vanilla bean | Updates

By Bastian Schumacher

We have found our Pilot-Box!

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Dear Companists,

The first 100 boxes for our pilot phase in Regensburg arrived this week. The right box is crucial for the success of a reusable system and we've been dealing with the subject intensively over the last few weeks. Our first focus was on the material. Why is the material so important? Various criteria such as costs, the ecological balance or robustness have to be weighed up. In order to better understand what is really suitable, we spoke with specialists from the Ifeu Institute in Heidelberg and the Fraunhofer Institute for Environmental and Safety Technology, among others.

In doing so, we learned one thing above all else: when it comes to sustainable materials, appearances are deceptive. What seems sustainable is not always the same, and vice versa. In this simplified table you will find the most important findings that we have collected so far:

vanilla bean - Materialvergleich

 

The problem with composite materials - boxes made of rice fibres, bamboo, etc. - is that they are not always the same.

At the start of the campaign, our favourite was a box based on rice fibre. However, through the various expert discussions we were able to establish that such a fabric has more to do with greenwashing than with sustainability. Boxes based on rice fibre or bamboo are so-called composites, i.e. a mixture of very different materials. In order to keep them together, synthetic resins are usually used, such as melamine resin where formaldehyde is present. That doesn't sound quite so eco-friendly anymore. At higher temperatures or with the influence of acids, the substances dissolve and get into the food. In addition, composites are not recyclable and not really compostable. They are often used for advertising, but in practice these boxes only compost under laboratory conditions. In addition, the production costs are relatively high, which would also lead to a higher deposit price. That is why composite materials are clearly out of the question for us.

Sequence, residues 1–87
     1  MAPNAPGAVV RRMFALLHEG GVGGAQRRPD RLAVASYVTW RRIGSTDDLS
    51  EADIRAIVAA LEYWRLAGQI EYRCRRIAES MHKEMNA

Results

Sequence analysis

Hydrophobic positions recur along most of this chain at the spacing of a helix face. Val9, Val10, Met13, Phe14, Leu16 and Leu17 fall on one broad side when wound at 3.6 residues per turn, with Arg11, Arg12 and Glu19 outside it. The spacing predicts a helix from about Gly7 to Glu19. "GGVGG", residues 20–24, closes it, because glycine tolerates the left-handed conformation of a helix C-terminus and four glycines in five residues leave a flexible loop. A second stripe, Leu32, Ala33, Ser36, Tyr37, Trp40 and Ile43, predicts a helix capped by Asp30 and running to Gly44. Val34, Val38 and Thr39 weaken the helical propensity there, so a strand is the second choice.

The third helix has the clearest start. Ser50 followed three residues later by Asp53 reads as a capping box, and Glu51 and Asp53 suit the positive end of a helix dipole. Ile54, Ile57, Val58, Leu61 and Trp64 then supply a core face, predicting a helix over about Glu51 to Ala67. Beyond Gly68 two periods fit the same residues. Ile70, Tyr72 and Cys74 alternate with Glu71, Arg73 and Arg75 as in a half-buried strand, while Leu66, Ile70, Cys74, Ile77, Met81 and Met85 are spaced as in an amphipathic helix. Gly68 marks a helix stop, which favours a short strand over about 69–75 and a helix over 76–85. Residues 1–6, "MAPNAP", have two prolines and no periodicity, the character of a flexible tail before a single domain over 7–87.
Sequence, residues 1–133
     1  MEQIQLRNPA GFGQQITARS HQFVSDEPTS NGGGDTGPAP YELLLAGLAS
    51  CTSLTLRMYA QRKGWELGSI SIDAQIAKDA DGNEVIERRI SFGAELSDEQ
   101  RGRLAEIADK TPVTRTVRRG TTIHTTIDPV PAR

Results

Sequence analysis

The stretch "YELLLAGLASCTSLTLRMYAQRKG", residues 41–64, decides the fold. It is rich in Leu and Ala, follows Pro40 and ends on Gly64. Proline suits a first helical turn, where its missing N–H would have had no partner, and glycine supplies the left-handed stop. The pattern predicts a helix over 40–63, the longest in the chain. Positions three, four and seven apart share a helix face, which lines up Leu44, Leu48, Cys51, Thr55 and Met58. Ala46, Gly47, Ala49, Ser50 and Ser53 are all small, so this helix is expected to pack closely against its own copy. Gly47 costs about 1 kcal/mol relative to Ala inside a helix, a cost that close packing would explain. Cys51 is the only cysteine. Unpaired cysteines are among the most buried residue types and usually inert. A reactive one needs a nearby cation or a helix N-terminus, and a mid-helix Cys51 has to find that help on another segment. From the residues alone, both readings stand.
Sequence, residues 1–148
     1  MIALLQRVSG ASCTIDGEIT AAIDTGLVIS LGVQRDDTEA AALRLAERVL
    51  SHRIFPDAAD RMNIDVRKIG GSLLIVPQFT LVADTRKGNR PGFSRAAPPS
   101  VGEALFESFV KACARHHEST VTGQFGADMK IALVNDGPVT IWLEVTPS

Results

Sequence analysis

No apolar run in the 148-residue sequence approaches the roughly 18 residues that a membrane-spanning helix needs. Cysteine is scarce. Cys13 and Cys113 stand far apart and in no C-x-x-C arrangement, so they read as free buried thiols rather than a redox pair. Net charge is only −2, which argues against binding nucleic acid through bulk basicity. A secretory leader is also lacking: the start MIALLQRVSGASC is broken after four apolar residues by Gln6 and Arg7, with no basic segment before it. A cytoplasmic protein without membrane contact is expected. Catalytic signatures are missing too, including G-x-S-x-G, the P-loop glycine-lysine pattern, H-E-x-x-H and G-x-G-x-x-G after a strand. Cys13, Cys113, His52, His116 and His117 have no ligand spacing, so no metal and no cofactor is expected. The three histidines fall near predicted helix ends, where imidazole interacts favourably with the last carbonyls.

An unexpected winner for the pilot - polypropylene (PP for short)

It is no coincidence that the largest returnable cup system in Germany, RECUP, relies on polypropylene cups and all the experts have clearly advised us to use a box made of PP. Polypropylene generally enjoys the reputation of being the "good" plastic. And rightly so. Compared to glass or stainless steel, polypropylene has a much better ecobalance, as the energy consumption during production is much lower, but the material is similarly durable, reusable and 100% recyclable. Due to its temperature resistance and food safety, it is often used for kitchen appliances such as coffee machines or electric kettles, but also for yoghurt pots, for example. PP can also be used without any questionable plasticizers. It is also robust, dimensionally stable and by far the cheapest. Is polypropylene perfect? No, of course not. It is made from petroleum and when a box breaks out of the recycling cycle, it causes the same problems as any other plastic waste. In addition, in our pilot project we now have to test how the boxes behave and change in daily use. In the next few weeks we will take a close look at everything from scratch marks and discolorations to deformations.

 

Outlook: The final box - bio-polyethylene an exciting candidate

We have been working with a larger reusable expert for weeks now to develop our own box. The final box will most likely be subdivided again. Bio-polyethylene is also a hot candidate for the final material. Bio-polyethylene is based on renewable raw materials such as sugar cane and has almost the same properties as PP. We will continue to test it and keep you up to date.

 

 

Many greetings,
Basti

 

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